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Sit-in for Palestine

Raquel Frescia - Authorosqledaren@ths.kth.se

KTH for Palestine - Photographerosqledaren@ths.kth.se

On April 11, students and faculty at KTH participated in a sit-in at the university’s administration building. The demonstration, led by the group KTH for Palestine, protested the university’s ongoing collaborations with institutions involved in the plausible ongoing genocide of Palestinians. This action followed months of escalating efforts by the group, which had failed to yield the transparent dialogue they sought.

Before the sit-in, the group had engaged in 22 walkouts, three direct actions, and attempted dialogue through multiple emails and articles. Their concerns centred on the relationship between KTH and institutions believed to be complicit in human rights abuses — the Hebrew University of Jerusalem and Technion University.

The campaign for accountability began in October 2023. In February 2023, KTH for Palestine presented its petition to the university administration for the first time. The petition, signed by over 500 KTH academics, called for an end to collaborations with these institutions, which support military actions considered by international bodies as genocidal. The initial submission of the petition was met with a generic response from the university, which KTH for Palestine argued failed to address the specifics of their concerns or the questions raised in their correspondence.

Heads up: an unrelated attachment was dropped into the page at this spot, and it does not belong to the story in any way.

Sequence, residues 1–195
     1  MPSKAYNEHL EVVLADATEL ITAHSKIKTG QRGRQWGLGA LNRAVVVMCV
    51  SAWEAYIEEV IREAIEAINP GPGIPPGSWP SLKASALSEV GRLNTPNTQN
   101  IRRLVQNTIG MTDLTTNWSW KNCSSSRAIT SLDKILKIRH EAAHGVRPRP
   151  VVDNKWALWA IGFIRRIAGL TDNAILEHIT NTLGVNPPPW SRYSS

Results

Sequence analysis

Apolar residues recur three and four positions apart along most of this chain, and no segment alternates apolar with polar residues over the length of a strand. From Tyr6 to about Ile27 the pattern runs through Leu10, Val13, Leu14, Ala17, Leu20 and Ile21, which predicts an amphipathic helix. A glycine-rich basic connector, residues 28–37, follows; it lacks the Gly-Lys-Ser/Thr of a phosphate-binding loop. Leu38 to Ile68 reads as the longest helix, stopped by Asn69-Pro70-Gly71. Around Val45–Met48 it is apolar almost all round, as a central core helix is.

In response to the administration’s inaction, KTH for Palestine performed a sit-in to force a direct and transparent dialogue with KTH’s top officials and to push the university to reconsider its international partnerships in light of ethical and legal concerns outlined by international law.

Sit-in on Thursday, April 11

The sit-in at KTH’s administration building on April 11 began at 11:30 AM. The participants gathered, intending to remain until they were granted a meeting with the university rector to discuss their concerns.

The number of participants fluctuated slightly throughout the day, with at least 20 individuals present at all times, peaking at 26. Early into the protest, the university’s receptionist alerted security personnel, who arrived promptly. Security attempted to persuade the demonstrators to disperse, citing potential disruptions and safety risks, including fire hazards posed by the placards brought by some participants. However, the protesters maintained that they were conducting a peaceful demonstration and were not obstructing any emergency exits, asserting their right to protest based on their affiliations with the academic institution.

When it became apparent that the demonstrators would not voluntarily leave, security called the police. Upon arrival, the police engaged with security personnel and the protesters. After assessing the situation, the police concluded that the demonstration did not constitute a disruption to public order nor a fire hazard, as previously claimed, and therefore, the protesters had the right to remain.

The sit-in lasted a few hours, ending only when the rector agreed to come down and speak with the protesters and a meeting was scheduled.

Meeting on Monday, April 15

The meeting between KTH for Palestine and university officials occurred on April 15, following the sit-in at the university’s administration building. The meeting was attended by Anders Söderholm, the principal of KTH, Stefan Östlund, Vice President for International Relations, and Jill Klackenberg, Managing Communications Officer, and members of KTH for Palestine, who represented the voices of the 500 academics who had signed the petition demanding a reevaluation of the university’s international collaborations.